Mr Daniel Stone
St Georges Road
Date: 30 April 2010
Dear Daniel Stone
RE: Planning application: 10/00812/P. Outline Application for redevelopment of
Bristol City Football Club for relocated Sainsbury’s food store, petrol filling station
with car wash, car park and associated works
I am writing to express some concerns that I have in relation to the above planning
application. It is an explicit stated aim of Bristol City Council, Bristol Local Strategic
Partnership, and NHS Bristol, that they wish to achieve city planning and design which is
sustainable and which promotes health for local citizens. There is considerable and
growing evidence that health of people in Bristol, and in the UK more widely, has been
and is being negatively impacted on by certain social trends during the last four decades.
These same trends also contribute to high ‘per capita’ greenhouse gas emissions and to
high dependence on fossil fuels. High dependence on food and transport systems that
require intensive fossil fuel use also makes us vulnerable to major disruptions from the
impacts of fossil fuel depletion. Key amongst the social trends that are causing negative
impacts on health, and vulnerability for the future, are;
a) Increasing car-dependency with resulting loss of ordinary physical activity as part
of everyday life, and loss of local ‘walkable’ access to necessary services and
b) Increasing promotion, by the food industry, of cheap convenience foods that are
high in fat, salt, sugar and additives, and which undermine normal patterns of
healthy eating based on preparation from fresh ingredients. This is bad for health
and is unsustainable in the face of climate change and fossil fuel depletion.
Below are listed five key documents which set out the commitment of Bristol City Council
and Bristol Partnership to ensuring a sustainable and healthy future for Bristol citizens
through the achievement of carbon reduction, the creation of walkable neighbourhoods
with local access to retail and the creation of a transport approach that makes public
transport combined with walking and cycling as the easy normal choice.
• The Bristol 20:20 plan, Bristol’s Sustainable City Strategy
• 1997 Adopted Bristol Local Plan – Saved Policies
• Bristol European Green Capital bid brochure, January 2009
• Bristol City Council Carbon Reduction and Energy Security Framework 2010
• Building a Positive Future for Bristol after Peak Oil, Bristol Partnership, October
• Bristol City Council’s Food Charter, March 2010
The proposal (application 10/00812/P) to demolish one superstore, and to replace it with
a larger superstore less than half a mile distant, runs counter to the aims of carbon
reduction and health improvement for the following reasons;
• Very significant carbon emissions will be associated with the demolition and
rebuild. It would be more carbon-efficient to use the Ashton Gate site for
residential development instead of moving the Superstore, and replacing it with
residential development. Planning Policy Statement 1 sets out the overarching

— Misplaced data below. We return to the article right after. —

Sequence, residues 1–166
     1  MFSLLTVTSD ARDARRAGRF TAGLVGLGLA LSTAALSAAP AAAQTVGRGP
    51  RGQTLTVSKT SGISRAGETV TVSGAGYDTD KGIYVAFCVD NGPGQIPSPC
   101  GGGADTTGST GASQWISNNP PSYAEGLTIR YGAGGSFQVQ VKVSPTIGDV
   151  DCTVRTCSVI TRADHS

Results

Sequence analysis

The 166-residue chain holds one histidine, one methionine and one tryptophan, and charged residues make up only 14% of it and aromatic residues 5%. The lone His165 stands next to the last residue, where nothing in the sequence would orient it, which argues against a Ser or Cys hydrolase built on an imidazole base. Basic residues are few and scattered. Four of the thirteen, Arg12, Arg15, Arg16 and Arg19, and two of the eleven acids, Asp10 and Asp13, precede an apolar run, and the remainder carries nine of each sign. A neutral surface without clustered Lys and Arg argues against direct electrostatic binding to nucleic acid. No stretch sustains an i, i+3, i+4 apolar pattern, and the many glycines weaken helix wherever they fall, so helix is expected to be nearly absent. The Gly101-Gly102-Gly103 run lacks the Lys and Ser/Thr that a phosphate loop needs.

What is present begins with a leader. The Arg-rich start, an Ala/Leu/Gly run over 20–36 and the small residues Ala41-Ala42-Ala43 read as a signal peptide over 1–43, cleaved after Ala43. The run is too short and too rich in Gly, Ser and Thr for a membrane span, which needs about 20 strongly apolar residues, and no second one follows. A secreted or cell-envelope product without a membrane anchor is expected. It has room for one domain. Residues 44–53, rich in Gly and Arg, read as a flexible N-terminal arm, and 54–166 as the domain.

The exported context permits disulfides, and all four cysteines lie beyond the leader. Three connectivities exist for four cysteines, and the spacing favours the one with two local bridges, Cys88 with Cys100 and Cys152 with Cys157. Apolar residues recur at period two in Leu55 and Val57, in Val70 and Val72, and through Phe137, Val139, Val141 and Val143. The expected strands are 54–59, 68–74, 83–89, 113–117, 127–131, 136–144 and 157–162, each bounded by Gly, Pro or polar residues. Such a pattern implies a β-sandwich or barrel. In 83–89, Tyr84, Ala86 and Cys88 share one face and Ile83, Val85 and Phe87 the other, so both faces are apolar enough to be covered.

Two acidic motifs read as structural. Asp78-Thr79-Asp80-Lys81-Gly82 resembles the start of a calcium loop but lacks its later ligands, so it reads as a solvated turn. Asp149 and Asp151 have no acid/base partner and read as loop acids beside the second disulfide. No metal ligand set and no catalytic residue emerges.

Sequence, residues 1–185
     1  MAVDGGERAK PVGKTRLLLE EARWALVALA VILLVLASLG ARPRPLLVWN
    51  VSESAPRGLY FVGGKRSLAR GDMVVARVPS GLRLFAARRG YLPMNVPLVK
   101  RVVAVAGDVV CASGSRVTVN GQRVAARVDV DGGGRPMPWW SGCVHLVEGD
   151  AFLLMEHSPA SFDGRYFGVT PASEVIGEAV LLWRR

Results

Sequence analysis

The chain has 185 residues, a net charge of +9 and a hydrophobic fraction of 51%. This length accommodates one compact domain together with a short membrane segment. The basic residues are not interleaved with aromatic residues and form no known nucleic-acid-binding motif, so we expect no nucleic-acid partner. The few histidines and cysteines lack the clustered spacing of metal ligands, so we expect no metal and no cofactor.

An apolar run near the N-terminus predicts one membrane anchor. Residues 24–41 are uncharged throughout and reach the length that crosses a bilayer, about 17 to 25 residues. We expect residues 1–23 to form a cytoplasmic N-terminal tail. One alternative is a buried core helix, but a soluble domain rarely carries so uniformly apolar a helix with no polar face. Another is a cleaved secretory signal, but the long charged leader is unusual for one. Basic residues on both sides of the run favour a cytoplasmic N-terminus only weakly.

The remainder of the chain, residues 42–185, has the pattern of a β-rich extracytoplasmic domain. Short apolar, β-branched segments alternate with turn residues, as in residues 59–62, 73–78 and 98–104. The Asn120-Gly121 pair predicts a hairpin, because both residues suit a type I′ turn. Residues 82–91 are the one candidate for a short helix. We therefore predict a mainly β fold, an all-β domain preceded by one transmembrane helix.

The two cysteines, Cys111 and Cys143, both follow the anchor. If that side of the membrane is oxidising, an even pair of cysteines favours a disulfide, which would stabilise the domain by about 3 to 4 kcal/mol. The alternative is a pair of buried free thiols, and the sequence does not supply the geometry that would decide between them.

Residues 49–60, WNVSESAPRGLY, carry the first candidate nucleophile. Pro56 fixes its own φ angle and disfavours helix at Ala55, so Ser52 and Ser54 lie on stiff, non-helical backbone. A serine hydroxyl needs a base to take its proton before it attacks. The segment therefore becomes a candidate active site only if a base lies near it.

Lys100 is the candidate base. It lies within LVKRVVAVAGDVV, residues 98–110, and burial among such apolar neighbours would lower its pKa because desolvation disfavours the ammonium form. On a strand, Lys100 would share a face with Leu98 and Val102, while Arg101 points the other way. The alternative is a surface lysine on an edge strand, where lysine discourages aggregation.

aim of making prudent use of resources, and can be taken as material to
individual planning decisions. The recent legal judgement by Lord Justice
Carnworth (26 March 2010 London Borough of Hillingdon and Ors v Secretary of
State for Transport) makes it clear that it is not acceptable to disregard the 2008
Climate Change Bill in reaching planning decisions.
• The proposed new Superstore will be very substantially larger, selling a wider
range of goods. This relocation and expansion can only be economically viable if
it attracts substantial trade away from other existing and potential retail outlets
throughout South and South-Western Bristol. This concentration of trade onto the
Ashton Gate site will therefore reduce local neighbourhood access to fresh food
throughout South Bristol and South-Western Bristol, it will suppress local retail
business development throughout South and South-Western Bristol, and it will
increase car-dependency for shopping. All three of these factors are bad for
health now and in the future, and are bad for sustainability.
• The knock-on impacts of the expanded Superstore, expanded car park, and
highway alterations to accommodate the extra car trips, will be an additional
negative impact on health because it will suppress the development of walking,
cycling and play streets that would otherwise be possible in the local area, and it
will have a negative impact on air quality and noise pollution.
On these grounds I therefore recommend that the planning permission be refused.
Should it be minded to approve the application then I believe it is necessary to conduct a
Health Impact Assessment for the proposed development.
If even in the light of a Health Impact Assessment, it is minded to approve the application
then I would like to advocate that Sainsburys be asked to explore a completely new and
innovative model of store design which puts sustainability and health as priorities.
This would require that walking, cycling and public transport be the key mode of travel for
customers, and that retail of minimally packaged local, seasonal produce, be
incorporated into the design. This would require considerable creativity and innovation
and could set Sainsbury’s on a path to become a pioneer in provision of healthy
sustainable food for local people.
Dr Hugh Annett
Director of Public Health
NHS Bristol and Bristol City Council
Cc Marcus Grant – Chair of Healthy City Group